Keyword Analysis & Research: vertical asymptotes of rational functions

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Frequently Asked Questions

What is an example of a rational function with a vertical asymptote?

A vertical asymptote with a rational function occurs when there is division by zero. For example, with f (x) = \frac {3x} {2x -1} , f (x) = 2x−13x, the denominator of 2x-1 2x −1 is 0 when x = \frac {1} {2} , x = 21, so the function has a vertical asymptote at \frac {1} {2} . 21.

How do you find a vertical asymptote?

Vertical asymptotes can be identified by looking for the vertical gaps or areas of the graph that the lines avoid. For example, in the graph below, we see two curving lines that are avoiding the line of x = − 2. Therefore, the vertical asymptote is x = − 2.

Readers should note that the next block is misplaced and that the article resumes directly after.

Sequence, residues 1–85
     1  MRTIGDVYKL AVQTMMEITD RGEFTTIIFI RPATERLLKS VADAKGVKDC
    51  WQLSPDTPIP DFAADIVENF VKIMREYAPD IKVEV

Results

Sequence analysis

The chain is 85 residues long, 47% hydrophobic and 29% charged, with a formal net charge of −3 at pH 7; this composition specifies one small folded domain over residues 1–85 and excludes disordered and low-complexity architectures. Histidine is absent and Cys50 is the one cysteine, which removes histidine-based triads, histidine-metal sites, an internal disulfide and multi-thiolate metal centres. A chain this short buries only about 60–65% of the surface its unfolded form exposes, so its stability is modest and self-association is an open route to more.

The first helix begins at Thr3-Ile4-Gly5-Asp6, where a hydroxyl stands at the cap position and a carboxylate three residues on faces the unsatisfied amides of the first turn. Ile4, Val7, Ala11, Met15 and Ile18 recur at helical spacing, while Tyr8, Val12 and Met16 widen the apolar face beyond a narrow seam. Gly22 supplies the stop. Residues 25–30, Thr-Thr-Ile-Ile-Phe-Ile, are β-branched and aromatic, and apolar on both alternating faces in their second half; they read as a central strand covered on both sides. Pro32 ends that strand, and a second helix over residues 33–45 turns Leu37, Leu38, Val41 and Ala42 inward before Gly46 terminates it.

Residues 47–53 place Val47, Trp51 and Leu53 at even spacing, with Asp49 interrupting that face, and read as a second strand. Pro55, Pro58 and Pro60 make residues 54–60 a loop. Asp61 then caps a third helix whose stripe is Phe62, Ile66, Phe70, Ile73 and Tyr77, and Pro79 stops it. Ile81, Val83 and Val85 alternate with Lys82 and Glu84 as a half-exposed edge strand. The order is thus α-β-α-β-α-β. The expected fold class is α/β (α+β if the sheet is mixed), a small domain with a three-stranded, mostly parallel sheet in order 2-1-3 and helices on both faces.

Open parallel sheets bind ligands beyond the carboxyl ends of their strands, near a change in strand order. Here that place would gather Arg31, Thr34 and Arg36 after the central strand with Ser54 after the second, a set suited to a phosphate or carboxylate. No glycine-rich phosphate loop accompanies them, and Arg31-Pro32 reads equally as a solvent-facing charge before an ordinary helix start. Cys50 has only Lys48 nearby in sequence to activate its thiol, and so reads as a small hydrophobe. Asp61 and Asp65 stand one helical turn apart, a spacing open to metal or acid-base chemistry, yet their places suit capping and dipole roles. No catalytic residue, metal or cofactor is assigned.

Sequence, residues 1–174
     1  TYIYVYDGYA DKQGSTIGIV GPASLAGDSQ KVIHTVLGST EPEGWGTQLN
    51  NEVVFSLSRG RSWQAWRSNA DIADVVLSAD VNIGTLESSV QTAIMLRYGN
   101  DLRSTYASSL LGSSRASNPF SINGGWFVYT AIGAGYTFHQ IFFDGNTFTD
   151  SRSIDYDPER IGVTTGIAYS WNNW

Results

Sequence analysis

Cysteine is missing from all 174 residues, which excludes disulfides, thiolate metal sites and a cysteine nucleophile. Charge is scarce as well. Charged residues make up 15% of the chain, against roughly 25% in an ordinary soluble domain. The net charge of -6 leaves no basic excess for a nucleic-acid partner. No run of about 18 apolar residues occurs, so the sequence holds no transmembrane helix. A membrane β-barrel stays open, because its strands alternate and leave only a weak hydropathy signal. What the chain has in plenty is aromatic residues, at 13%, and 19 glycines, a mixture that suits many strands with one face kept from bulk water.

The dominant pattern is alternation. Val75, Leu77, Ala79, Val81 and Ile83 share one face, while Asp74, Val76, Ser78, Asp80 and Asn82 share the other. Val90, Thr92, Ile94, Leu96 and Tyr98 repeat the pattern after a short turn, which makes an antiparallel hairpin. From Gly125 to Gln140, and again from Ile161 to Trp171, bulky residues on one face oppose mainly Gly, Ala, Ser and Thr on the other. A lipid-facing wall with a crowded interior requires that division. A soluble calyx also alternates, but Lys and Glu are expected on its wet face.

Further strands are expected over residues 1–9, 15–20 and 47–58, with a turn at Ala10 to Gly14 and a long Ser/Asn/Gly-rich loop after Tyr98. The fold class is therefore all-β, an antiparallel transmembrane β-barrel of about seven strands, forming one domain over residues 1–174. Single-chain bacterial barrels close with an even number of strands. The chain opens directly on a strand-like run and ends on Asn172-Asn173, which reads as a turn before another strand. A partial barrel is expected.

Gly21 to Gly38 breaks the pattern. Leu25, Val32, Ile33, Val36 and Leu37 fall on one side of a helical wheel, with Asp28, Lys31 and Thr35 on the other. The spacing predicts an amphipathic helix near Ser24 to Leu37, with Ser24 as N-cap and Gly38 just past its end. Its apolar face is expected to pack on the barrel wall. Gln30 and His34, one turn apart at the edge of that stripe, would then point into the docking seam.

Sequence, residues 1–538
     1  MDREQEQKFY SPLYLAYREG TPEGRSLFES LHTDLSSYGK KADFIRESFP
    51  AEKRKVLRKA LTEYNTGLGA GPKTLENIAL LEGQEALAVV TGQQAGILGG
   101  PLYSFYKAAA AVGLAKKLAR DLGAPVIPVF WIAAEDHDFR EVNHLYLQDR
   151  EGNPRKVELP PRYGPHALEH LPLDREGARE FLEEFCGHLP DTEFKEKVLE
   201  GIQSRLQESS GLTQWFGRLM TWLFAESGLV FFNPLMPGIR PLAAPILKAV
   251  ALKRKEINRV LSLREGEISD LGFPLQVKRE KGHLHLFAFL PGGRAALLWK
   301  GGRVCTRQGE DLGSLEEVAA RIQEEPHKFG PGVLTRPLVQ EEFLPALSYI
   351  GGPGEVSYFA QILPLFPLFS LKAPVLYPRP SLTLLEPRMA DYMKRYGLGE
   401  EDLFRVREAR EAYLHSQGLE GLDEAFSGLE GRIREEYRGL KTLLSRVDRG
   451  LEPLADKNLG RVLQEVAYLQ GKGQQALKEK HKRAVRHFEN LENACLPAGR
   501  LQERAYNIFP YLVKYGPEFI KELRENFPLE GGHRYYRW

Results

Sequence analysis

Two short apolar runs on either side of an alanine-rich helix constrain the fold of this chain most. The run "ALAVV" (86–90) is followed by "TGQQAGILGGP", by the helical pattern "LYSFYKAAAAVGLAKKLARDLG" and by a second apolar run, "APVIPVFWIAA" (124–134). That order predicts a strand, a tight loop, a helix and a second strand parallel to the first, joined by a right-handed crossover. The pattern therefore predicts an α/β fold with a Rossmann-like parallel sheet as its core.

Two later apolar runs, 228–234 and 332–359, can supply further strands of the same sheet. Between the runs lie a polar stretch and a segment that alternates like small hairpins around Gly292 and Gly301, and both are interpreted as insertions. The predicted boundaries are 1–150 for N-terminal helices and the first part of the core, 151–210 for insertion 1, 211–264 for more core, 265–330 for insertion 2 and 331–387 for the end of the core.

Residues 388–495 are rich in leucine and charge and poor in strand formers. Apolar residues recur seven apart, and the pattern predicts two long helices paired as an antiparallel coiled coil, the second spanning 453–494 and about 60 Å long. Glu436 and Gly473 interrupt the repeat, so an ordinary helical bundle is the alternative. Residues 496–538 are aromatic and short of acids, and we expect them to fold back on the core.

What is the best place to start when finding asymptotes?

They are handy in showing how different parts of the function influence the graph. The three types of asymptotes are vertical asymptote, horizontal asymptote, and oblique asymptote. The best place to start is with vertical asymptotes. What are vertical asymptotes? Rational functions work like fractions.

Where does a horizontal asymptote occur?

Vertical asymptotes occur where the denominator of a rational function approaches zero. A rational function cannot cross a vertical asymptote because it would be dividing by zero. Horizontal asymptotes occur when the x -values get very large in the positive or negative direction. Horizontal asymptotes can be crossed.

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